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Monday, May 20, 2024

Virtual Gaming Con 2020:

by | published Friday, July 10, 2020

Prior to the coronavirus cancelling everyone in the world’s plans for several months, I was aiming to visit a couple boardgaming conventions in 2020. Since the idea of being in a big indoor room with hundreds or thousands of people does not seem like a good idea I jumped at the opportunity to “attend” Virtual Gaming Con.

Put on by BoardGameGeek and The Dice Tower in response to the cancellations of BGG Spring and Dice Tower East, Virtual Gaming Con took place from Wednesday, June 24 to Sunday, June 28. Virtual Gaming Con was based more around playing games than promoting games. The playing of games was scheduled through the website Tabletop Events, with games being played on a wide variety of online outlets. Many of the people involved with BGG and Dice Tower were involved with streaming games, trivia events and hosting and playing games with the general public. Anyone attending the con could host games as well.

I had a bunch of vacation days my manager was urging me to book, so I took a couple days off to try and make the most of VGC. I mistakenly forgot to book the Wednesday off, so I didn’t get started until Thursday. I got into an early morning game of Terraforming Mars played through the Steam app. It was hosted by the outgoing head of Stronghold Games, Stephen Buonocore. It’s always fun to play TM with new players, as I discover new strategies that other people use. I finished a solid third place out of five.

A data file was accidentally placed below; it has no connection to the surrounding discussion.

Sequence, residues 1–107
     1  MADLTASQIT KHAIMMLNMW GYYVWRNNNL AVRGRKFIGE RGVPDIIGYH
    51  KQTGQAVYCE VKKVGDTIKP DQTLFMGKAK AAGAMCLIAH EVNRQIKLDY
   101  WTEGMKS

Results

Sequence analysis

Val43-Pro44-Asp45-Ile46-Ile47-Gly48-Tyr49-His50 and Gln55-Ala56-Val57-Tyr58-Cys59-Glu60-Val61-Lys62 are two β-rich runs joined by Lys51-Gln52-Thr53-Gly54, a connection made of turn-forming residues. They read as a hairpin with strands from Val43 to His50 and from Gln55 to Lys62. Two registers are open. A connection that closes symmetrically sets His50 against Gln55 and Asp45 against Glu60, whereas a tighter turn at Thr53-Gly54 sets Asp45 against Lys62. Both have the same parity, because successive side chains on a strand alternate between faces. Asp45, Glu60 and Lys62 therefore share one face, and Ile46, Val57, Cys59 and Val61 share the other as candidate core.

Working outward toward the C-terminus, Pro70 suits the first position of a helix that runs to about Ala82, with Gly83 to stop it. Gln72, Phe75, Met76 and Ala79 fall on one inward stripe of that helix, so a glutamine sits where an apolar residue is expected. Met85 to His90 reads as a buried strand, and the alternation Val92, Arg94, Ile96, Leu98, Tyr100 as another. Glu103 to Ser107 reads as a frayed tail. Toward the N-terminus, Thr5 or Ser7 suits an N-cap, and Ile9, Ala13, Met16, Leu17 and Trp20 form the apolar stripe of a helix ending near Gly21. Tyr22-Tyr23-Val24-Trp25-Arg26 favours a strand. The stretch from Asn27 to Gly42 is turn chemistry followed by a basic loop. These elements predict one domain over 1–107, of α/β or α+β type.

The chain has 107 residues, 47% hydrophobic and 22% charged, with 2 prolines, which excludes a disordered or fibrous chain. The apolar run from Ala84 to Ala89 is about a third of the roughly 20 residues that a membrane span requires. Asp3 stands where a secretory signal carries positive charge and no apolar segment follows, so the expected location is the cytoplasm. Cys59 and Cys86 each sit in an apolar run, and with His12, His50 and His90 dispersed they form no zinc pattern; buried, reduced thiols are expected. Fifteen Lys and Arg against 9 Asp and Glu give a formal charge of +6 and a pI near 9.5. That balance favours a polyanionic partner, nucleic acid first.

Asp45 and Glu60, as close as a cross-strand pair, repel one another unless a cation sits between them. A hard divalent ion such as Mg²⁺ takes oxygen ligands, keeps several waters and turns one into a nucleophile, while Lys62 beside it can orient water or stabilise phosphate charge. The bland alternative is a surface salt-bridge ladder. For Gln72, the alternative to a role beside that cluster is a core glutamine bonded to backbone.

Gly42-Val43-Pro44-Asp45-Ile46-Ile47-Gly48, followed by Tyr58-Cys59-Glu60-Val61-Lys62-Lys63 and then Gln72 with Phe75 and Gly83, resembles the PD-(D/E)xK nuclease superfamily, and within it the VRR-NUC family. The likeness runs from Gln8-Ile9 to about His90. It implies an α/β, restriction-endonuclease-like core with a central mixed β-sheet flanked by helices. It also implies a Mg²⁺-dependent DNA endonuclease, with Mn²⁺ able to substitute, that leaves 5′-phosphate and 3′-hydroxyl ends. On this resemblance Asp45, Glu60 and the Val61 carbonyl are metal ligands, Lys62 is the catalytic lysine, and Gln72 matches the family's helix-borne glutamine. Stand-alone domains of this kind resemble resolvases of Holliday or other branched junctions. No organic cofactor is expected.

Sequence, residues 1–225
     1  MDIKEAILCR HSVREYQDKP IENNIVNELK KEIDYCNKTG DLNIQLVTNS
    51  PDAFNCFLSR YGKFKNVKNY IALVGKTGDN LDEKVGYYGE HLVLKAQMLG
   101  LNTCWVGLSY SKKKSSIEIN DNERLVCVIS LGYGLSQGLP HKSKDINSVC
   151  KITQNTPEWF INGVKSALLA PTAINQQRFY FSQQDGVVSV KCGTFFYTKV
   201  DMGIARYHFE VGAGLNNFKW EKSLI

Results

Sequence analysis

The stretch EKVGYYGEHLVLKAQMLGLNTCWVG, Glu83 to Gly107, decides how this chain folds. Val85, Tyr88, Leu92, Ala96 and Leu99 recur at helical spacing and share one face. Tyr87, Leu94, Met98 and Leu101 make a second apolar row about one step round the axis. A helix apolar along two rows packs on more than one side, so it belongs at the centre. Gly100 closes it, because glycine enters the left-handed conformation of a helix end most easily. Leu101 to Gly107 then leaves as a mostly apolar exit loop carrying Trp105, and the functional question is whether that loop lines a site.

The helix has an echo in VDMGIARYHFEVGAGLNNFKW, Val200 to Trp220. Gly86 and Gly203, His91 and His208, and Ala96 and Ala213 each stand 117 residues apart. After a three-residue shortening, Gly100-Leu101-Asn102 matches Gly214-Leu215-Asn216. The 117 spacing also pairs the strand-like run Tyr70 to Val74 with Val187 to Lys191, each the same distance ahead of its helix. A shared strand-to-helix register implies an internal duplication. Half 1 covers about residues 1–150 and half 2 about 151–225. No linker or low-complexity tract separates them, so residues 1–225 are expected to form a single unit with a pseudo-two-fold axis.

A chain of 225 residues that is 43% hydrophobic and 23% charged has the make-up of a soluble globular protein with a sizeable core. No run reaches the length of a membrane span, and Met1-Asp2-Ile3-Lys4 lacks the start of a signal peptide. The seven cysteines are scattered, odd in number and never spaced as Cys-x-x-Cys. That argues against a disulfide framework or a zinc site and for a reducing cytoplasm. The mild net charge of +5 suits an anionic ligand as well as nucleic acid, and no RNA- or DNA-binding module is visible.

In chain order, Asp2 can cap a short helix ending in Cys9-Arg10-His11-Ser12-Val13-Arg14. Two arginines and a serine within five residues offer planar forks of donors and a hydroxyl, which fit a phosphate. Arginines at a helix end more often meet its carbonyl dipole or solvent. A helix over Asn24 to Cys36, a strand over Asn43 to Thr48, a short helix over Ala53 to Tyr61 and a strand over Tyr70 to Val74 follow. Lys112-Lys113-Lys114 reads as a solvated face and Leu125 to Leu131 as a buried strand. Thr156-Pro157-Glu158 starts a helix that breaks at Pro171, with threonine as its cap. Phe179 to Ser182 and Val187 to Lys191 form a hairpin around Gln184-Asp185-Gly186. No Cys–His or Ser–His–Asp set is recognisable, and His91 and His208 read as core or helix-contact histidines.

Later that night I had signed up for a game of Battlestar Galactica, but alas I did not own Tabletop Simulator (something I have since purchased on sale), so I had to back out. Thankfully I was able to find something else to play, with a spot coming open in Werewolf on Zoom hosted and moderated by the Dice Tower’s Tom Vasel.

Tom did a great job as a moderator, adding some good theme and making sure things kept moving along at a good pace. It was so much fun  I jumped into a second game Tom hosted on Saturday night. About half of the players from the first game returned on Saturday. It is definitely possible to play Werewolf via Zoom, but it can lead to some problems. At one point I was accusing one player of being a Werewolf because they were not speaking or defending accusations against them. It turned out they were having technical problems and were a villager all along. That being said I think at this point I might enjoy Werewolf more with strangers than playing it with the same group over and over again, which I was doing pre-pandemic. When it’s the same 10-20 people all of the time, metagaming, silly inside jokes, deduction based on previous games can overwhelm things and games also go much longer.

Friday night I jumped into a guest-hosted game of Resistance: Avalon played through, which has barebone versions of several social deduction games. The site works fine but there are no frills. We used Virtual Gaming Con’s Discord to voice chat during the games. It was really fun and we ended up playing nine straight games.